Austin Bay has some interesting thoughts on newly-elected President Duterte of the Philippines. Here's an excerpt.
Filipino voters knew about what happened during the two decades Duterte ran Davao City. Crime rates and Islamic terrorist activity declined considerably. By 2005 Islamic terrorists and other criminals usually avoided the place. Now Duterte is applying his aggressive approach to fighting crime on a nation-wide scale. Since July 1st the few active Islamic terror groups left and the many drug gangs are taking heavy losses and looking for ways to deal with this unprecedented threat. Abu Sayyaf and other ISIL (Islamic State in Iraq and the Levant) type Islamic terrorists always fight back (and lose) but the drug gangs and are expected to be more flexible. In Davao City such compromises seem to have been avoided and threats of increased violence against government leaders was also ineffective. But now there are a lot more enemies a reformer has to deal with.
Duterte has been dealing with assassination threats and other intimidation since the 1990s and apparently knows how to protect himself and his family. As president Duterte’s aggressive anti-crime approach has had immediate results for most Filipinos. Crime is down and it’s the criminals, not the average Filipino, who are now living in fear. That is enormously popular with most voters. Some local and many foreign critics consider these vigilante methods illegal, immoral and ineffective. That remains to be proven. In the meantime these methods have, since July 1st, left over 3,500 known or suspected drug gang members and addicts dead. Most were low level dealers but these are criminals the people see daily and hate the most. As a result a recent opinion poll found 91 percent of Filipinos approved of this new “shoot on sight” approach.
While Duterte encourages Filipinos to personally fight back against crime and corruption, this is also an enormous police operation. Since July 1st over a million homes and workplaces have been visited by police investigating crime. This has resulted in the surrender or capture of over 715,000 drug suspects. But 93 percent of these were drug users and the rest were either distributors (“pushers”) or low level supervisors of distribution. Duterte had said he could arrest nearly two million drug suspects by the end of the year and use information collected from interrogations and searches of so many suspects to identify and prosecute the people running the drug gangs and the corrupt police and politicians who traditionally protected the drug operations. That process has already begun and so far there have been nearly 19,000 police raids resulting in the apprehension of about 19,000 suspects (6 percent being killed in the process). Among the dead were at least 17 corrupt cops working for the drug gangs, sometimes quite openly. Several dozen more senior police and political officials have admitted to drug gang-related corruption and surrendered.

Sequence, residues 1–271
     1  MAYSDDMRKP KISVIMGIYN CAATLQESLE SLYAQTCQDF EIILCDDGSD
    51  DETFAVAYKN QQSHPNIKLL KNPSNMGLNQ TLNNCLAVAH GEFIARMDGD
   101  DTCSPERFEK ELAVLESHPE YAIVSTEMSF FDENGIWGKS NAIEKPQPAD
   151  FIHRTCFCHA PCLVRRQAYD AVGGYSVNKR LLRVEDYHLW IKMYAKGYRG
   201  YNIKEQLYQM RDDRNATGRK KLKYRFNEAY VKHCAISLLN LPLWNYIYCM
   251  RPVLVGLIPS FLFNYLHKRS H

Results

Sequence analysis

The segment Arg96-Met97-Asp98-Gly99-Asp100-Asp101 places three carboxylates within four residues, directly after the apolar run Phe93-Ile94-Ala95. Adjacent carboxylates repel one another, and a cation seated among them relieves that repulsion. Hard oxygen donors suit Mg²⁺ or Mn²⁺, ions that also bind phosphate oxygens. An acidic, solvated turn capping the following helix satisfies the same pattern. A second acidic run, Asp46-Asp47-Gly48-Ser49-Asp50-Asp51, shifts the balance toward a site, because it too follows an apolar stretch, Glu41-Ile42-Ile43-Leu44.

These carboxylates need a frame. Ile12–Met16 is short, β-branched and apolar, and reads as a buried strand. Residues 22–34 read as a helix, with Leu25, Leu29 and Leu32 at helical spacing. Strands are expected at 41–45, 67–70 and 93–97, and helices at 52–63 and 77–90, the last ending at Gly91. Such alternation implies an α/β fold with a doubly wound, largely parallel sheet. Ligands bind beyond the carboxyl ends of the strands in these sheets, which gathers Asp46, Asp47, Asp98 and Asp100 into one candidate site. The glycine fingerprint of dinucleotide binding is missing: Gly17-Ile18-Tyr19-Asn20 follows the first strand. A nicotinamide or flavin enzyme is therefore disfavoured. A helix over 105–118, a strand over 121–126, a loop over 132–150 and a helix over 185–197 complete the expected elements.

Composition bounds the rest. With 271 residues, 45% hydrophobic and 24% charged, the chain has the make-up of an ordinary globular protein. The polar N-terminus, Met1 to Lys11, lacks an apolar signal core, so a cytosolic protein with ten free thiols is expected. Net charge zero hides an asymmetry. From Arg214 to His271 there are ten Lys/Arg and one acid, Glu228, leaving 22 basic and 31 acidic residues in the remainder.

. . .
Duterte is responding to the widespread feeling that some kind of radical solution is needed. Duterte apparently realizes that he has a short period of time to make some fundamental changes before public enthusiasm wanes and his powerful opponents (major drug gangs and corrupt senior politicians and bureaucrats) get organized. What worked in Davao City may not work on a national scale and that won’t be obvious until late 2017.
There's more at the link.
I can't help thinking that President Duterte's approach seems to have more than a little in common with Donald Trump's election campaign in the USA. Mr. Trump is making the same populist appeal to American voters, and it seems to be having an effect. From calling for not just an end to, but a reversal of the influx of illegal aliens, to emphasizing law and order, to cutting out bloated, inefficient government departments, Mr. Trump is appealing to a great many voters. They can see for themselves the problems he's identified, and they know the present system is doing little or nothing to fix them.
I doubt whether Mr. Trump would issue a "Get them all!" call for vigilante justice and violence against criminals, as President Duterte has done. Nevertheless, after many years in the Third World, I can understand the visceral appeal of such tactics. Sure, a lot of innocent people get hurt when they're applied; but the problems also get addressed, and frequently reduced to a level of minor background noise rather than a foreground clamor. A lot of people are willing to tolerate infringements on their own privacy and security in order to accomplish that.
That, of course, is the frightening thing for those of us who take the constitution seriously. We place a great deal of emphasis on the Bill of Rights. In order for populist approaches to succeed, at least some of those rights will inevitably be honored more in the breach than in the observance. Mr. Trump's recent call for increased New York City-style 'stop-and-frisk' tactics are a good example of that. So much for the Fourth Amendment! Nevertheless, popular support for efforts to reduce crime may well support such measures; and the Peelian Principles of law enforcement may go out of the window in the process. It's going to be a conundrum for many of us.
I think events in the Philippines will bear watching . . . as they will in this country as well.